The all-wood construction drum doesn’t have any nails or brackets; instead, it’s glued and clamped together. Monk Drums’ signature is a double sound chamber that plays sound out to the audience, instead of down or back, and it delivers amplified volume with low hand fatigue. The variation also allows it to be played upright—more like a conga. Essentially, it’s a drum percussionists love to play.
Dr. Andrew Smith, visiting assistant professor and director of percussion studies at the University of Texas at El Paso, learned about the drums from Eric Boseman. He likens the design to the difference between a trumpet and a trombone, by elongating the sound, it gets a warm tone and a wider range.
Smith, a specialist in Afro-Cuban music, soon commissioned Cuban folkloric style cajons. “In the case of a cajon, when you’re dealing with something made by a craftsman, you’re typically getting a better instrument than with something mass produced,” Smith says. His commissioned drum trio creates a set—the slightly different designs allow for a low, middle, and high sound. He worked closely with Jacob to fine-tune the design, especially for the quinto, the drum designed to solo, interact with dancers and a singer, and emit a specific clack. “That was really the point of working with a custom craftsman—to have a relationship there and be able to tweak [the design],” he says.
It’s a Social Business
Monk Drums sells three to five drums a week through the website or by people calling. John plans to expand distribution in the coming year. “Getting the drums into stores and having people play them themselves, that’s what’s going to sell the drums,” he says.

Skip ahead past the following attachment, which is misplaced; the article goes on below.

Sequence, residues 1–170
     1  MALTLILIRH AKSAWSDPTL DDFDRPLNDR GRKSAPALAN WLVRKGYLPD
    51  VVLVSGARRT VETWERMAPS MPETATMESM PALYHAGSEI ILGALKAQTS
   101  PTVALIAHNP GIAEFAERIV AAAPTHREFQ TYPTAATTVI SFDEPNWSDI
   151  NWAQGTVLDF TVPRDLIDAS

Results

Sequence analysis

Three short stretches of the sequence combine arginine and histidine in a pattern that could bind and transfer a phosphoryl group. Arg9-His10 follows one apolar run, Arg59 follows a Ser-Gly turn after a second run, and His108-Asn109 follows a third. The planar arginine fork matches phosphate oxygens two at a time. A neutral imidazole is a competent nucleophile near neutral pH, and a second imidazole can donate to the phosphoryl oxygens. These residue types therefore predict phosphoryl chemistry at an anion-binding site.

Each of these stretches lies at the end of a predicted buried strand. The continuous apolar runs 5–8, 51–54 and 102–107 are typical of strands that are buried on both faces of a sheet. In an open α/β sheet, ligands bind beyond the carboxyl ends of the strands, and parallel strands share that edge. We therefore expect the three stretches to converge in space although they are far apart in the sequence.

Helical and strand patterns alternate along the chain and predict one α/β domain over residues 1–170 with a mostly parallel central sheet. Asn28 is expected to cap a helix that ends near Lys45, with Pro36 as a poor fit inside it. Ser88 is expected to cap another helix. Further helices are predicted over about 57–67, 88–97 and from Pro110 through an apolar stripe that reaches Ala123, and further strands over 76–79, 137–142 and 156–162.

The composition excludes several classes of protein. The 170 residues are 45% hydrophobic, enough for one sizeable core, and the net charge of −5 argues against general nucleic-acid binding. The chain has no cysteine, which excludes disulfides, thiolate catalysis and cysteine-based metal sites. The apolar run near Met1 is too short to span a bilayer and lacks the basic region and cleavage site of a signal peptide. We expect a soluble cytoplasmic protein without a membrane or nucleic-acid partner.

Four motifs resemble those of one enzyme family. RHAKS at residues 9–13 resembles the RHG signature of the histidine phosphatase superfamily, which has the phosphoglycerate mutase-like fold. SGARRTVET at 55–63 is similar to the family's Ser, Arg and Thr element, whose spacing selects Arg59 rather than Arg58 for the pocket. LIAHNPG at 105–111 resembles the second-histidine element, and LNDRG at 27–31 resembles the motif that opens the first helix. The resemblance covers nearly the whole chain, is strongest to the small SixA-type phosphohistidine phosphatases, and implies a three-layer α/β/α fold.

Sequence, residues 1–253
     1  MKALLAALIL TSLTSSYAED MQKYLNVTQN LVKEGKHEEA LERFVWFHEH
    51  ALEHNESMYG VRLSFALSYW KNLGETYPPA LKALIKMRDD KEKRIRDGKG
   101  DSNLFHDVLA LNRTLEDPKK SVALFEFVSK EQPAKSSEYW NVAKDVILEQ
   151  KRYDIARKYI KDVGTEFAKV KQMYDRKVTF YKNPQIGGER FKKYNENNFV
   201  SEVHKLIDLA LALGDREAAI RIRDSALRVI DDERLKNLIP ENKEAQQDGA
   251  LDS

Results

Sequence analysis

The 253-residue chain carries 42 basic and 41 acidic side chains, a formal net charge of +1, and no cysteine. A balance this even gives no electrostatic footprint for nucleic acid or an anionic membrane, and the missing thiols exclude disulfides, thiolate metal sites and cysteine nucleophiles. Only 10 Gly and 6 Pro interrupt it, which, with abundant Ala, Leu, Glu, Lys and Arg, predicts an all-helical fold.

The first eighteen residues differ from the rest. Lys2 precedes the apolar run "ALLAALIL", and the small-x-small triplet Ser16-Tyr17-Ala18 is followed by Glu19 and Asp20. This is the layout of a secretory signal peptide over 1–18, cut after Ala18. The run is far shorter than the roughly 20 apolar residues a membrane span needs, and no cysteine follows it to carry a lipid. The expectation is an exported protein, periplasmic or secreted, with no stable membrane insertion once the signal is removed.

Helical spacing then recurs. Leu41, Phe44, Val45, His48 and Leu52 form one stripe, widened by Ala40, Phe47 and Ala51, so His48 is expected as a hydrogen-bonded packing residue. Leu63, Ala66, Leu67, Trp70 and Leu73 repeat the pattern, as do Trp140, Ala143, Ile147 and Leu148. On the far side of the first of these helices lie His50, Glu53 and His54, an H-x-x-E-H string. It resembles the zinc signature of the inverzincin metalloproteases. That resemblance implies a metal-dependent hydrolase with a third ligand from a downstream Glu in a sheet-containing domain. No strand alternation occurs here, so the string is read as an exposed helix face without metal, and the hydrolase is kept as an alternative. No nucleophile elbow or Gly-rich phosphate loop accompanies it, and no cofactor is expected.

However, for every drum the company sells, it donates around two to schools, churches, and non-profit programs in Las Cruces, El Paso, and across New Mexico. The company donates part of its profits to supporting programs such as Basketball in the Barrio, a two-day camp in El Paso.
The company also supports the Chaparral/Las Cruces/El Paso area in other ways, too. As people move in and out of the sheltering Desert Rain Community, they sometimes help in the workshop where Jacob teaches a strong work ethic. It’s something he says not all of the visitors have internalized. He also teaches a trade to individuals who may not have one. If the visitors show artistic talent, they are commissioned for custom paintings on the three styles of instruments Monk Drums creates.
“They have people of all races, creeds, and backgrounds staying at Desert Rain Community. Some people come in battling addictions, homelessness, breakups, or divorce. The community will do its best to keep them busy. With Monk Drums, not everyone is good with their hands, but there are a lot of aspects of the drum making that someone can help with,” John says. “That’s one of the coolest aspects to me. People come in not knowing what to do. Then they work and see the drum come out, and are able to play it with their bare hands. A glow comes over them.”
In keeping with his holistic lifestyle — and the prayers that began his journey — Jacob includes a card with each handcrafted drum noting meditation he said while making the drum. It’s just one more trace of this holistic community and business.
Monk Drums’ influence starts with a great instrument design.
Want to hear Monk
Drums being played?
UTEP students will perform the music of Trinidad and Cuba with them March 26, at 5:00pm at Fox Fine Arts Recital Hall. The concert will also feature guest artist Joe Galvin, a top national steel pan performer and an authority on Afro-Cuban music.